Striking workers walking on sidewalk holding signs for the Writers Guild and for SAG-AFTRA.

Negotiating Workers’ Rights at the Frontier of Digital Workplace Technologies in 2023

Lisa Kresge

Workers and their unions took center stage in 2023 by negotiating landmark agreements that address emerging workplace technologies. Alongside establishing fundamental rights regarding the adoption of new technologies, unions negotiated protective measures for workers, provisions ensuring workers share in the benefits of these advancements, and even reined in certain technological applications. On a broader level, these agreements set a precedent for workplace technology governance, offering concrete examples for ongoing policy deliberations. Here’s a closer look at some of the major technology bargaining agreements reached this year.

Writers Guild of America West (WGA)

When OpenAI launched ChatGPT in November 2022, writers in the entertainment industry were already grappling with an “existential crisis” due to the rise of streaming services, which have changed TV production and have led to lower pay and less stable work for writers. Writers face challenges in negotiating fair pay in part due to streaming services’ lack of transparency on viewership data.

But the emergence of generative AI systems introduced an entirely new threat to writers’ livelihoods. Media outlets were experimenting with using AI to generate articles, and it started to become clear that these systems were capable of generating scripts and other creative content.

Writers started to worry that production companies could marginalize writers’ contribution for work drafted in part by AI, which would cut into writers’ compensation and residuals. Moreover, as the Authors Guild (representing book authors) described, companies could potentially use generative AI systems to “regurgitate” new works based on writers’ previous written works, pitting AI against human writers for their jobs. So WGA set out to negotiate protective guardrails on AI.

After 148 days on strike, WGA reached a tentative agreement with the Alliance of Motion Picture and Television Producers (AMPTP). The contract, ratified in October 2023, includes some groundbreaking provisions governing technologies:

  • Data transparency: Streaming companies must provide WGA data on the total number of hours streamed for in-house high-budget productions.
  • Right to know: Companies must disclose to writers if any materials they are given have been generated by AI.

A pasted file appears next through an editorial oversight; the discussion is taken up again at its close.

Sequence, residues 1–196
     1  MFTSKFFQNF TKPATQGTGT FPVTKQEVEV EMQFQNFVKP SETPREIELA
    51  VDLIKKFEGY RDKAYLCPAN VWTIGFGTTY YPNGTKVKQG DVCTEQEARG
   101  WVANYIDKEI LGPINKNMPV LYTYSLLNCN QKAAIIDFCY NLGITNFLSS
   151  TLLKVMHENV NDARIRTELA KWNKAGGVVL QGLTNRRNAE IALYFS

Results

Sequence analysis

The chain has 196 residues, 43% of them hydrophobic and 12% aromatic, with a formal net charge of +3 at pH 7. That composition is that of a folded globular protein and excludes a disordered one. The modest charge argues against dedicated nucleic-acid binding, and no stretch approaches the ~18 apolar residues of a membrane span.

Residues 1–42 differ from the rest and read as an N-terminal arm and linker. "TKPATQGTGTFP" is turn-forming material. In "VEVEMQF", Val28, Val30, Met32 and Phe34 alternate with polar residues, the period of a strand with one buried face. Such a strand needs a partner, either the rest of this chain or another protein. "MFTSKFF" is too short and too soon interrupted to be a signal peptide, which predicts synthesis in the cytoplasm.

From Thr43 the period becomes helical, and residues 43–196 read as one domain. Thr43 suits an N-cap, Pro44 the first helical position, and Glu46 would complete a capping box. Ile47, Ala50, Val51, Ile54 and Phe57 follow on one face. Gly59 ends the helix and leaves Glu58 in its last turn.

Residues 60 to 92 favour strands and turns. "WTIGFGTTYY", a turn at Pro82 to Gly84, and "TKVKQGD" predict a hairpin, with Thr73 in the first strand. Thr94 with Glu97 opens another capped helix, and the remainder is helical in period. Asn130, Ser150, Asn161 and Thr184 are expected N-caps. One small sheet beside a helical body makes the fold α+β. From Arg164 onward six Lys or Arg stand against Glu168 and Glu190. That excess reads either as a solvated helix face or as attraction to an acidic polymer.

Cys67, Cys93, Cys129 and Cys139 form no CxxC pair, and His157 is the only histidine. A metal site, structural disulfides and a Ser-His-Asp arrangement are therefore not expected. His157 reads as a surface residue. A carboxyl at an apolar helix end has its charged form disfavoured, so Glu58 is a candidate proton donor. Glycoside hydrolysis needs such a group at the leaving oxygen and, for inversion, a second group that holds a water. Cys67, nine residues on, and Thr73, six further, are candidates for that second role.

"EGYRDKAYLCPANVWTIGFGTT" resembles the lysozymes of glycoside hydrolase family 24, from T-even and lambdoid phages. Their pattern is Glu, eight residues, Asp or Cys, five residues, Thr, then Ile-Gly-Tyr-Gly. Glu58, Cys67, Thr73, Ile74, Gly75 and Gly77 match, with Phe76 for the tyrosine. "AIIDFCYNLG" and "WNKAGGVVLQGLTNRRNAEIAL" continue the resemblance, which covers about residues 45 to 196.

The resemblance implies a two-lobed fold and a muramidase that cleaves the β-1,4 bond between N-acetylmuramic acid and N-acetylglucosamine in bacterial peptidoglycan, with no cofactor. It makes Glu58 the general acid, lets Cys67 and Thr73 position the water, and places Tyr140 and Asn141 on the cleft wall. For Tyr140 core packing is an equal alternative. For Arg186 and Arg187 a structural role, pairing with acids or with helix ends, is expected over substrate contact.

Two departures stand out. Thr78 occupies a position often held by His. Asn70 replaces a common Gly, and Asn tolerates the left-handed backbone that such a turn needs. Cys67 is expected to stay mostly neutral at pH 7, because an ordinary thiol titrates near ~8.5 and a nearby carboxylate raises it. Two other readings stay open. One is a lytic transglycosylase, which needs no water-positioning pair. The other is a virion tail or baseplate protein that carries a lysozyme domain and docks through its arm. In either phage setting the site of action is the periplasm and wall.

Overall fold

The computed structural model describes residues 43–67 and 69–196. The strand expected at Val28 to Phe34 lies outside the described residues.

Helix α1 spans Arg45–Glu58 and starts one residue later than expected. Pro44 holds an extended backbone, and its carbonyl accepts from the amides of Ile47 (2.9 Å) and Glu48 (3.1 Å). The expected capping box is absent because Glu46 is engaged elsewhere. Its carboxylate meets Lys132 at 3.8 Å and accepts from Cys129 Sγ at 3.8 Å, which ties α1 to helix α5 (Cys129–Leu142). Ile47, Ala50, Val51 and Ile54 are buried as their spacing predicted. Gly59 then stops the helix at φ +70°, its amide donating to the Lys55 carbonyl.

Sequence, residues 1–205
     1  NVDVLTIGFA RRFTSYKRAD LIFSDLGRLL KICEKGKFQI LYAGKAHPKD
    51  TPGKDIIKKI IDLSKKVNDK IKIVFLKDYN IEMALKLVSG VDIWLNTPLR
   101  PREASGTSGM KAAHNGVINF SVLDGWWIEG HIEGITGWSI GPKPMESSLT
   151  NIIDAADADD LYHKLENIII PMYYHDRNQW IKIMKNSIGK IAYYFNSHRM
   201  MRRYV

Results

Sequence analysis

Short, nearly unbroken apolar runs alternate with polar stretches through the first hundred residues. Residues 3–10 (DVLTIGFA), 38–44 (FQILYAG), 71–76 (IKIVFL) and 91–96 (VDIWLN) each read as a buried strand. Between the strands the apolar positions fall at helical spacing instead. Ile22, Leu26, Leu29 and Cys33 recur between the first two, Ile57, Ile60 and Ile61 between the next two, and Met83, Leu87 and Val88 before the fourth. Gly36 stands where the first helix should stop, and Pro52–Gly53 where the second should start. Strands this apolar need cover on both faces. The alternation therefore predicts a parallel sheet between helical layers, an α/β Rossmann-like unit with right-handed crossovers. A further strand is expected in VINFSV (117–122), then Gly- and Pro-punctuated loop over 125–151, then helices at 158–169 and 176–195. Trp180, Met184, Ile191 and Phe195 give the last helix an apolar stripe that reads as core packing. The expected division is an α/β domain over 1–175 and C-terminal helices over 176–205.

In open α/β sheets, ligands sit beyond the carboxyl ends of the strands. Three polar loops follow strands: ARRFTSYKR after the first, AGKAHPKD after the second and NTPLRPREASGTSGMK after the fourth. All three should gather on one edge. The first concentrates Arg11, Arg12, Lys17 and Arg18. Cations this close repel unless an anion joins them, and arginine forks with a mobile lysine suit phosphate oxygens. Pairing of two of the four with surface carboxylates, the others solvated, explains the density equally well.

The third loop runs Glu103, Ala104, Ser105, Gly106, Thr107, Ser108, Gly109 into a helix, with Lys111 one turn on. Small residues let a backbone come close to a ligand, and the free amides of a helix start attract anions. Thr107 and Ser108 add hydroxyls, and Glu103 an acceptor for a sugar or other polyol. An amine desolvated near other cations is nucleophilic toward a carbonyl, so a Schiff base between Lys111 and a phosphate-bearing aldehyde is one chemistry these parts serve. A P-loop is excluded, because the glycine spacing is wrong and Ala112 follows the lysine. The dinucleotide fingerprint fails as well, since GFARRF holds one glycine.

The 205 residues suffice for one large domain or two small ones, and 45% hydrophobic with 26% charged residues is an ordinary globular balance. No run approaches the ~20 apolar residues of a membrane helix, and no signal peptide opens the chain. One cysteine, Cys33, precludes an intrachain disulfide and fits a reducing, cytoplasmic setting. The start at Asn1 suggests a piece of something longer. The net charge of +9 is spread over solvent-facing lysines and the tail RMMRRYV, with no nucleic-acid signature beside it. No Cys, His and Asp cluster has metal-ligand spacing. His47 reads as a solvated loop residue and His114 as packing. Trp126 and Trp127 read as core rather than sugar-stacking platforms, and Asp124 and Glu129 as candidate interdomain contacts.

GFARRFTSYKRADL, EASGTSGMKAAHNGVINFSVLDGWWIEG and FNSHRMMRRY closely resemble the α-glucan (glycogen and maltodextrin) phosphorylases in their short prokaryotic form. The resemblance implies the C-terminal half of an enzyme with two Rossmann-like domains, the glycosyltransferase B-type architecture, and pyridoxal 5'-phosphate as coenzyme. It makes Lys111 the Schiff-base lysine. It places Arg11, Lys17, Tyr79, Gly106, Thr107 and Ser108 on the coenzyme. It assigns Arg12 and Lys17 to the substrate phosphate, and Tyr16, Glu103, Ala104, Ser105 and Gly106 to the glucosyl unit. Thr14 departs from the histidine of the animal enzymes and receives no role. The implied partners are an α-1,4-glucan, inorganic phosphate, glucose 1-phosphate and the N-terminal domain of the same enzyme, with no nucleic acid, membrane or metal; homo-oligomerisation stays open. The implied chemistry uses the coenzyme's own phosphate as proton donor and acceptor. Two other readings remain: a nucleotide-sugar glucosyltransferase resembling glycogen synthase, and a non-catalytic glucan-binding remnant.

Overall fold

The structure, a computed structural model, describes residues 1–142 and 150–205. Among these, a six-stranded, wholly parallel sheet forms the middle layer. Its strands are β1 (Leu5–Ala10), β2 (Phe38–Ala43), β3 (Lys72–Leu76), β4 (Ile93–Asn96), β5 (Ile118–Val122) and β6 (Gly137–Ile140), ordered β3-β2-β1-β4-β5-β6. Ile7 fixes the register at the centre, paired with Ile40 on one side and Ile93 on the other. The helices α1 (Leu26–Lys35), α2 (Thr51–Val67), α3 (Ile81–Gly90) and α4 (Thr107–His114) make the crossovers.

• Authorship, professional status, and compensation: Writers must receive credit and compensation for literary material regardless of whether or not AI generated the first draft or source material given to the writer.
  • Job security: Companies cannot use AI to write or rewrite literary material in a manner that replaces WGA member writers.
  • Creative discretion and autonomy: Writers can choose to use AI when writing (within company guidelines and consent), but companies cannot require them to do so.
  • Right to seek recourse: The WGA reserves the right to challenge companies that use writers’ material to train AI.

Screen Actors Guild – American Federation of Television and Radio Artists (SAG-AFTRA)

AI-generated content is not a new issue for SAG-AFTRA members. For years, the union has been fighting against the proliferation of deepfakes, such as the recent example of a fraudulent advertisement using Tom Hanks’ likeness. In the employment context, studios regularly create digital replicas of actors to alter an actor’s appearance, use as stunt doubles or video game characters, or even extend an actor’s performance after their death, as in the case of Carrie Fisher in Star Wars.

Despite the potential benefits of these technologies, actors increasingly fear studios exploiting their digital likenesses without their full consent or control. The anxieties of actors materialized when studios proposed a one-time payment to background actors for capturing their likenesses, enabling studios unrestricted use of their digital replicas in perpetuity. Additionally, actors worry studios might use AI to generate “synthetic performers” from scratch and replace them entirely. Negotiations over these issues led to an impasse, prompting the union to initiate a strike and join their fellow writers on the picket lines.

After 118 days on strike, SAG-AFTRA and AMPTP reached a tentative agreement on November 9th, 2023. The contract, ratified on December 5th, includes a variety of provisions establishing  actors’ rights and guardrails on the use of AI. In addition to foundational rights such as advance notice, right to information, and regular meetings to discuss use of AI, some of the key provisions include: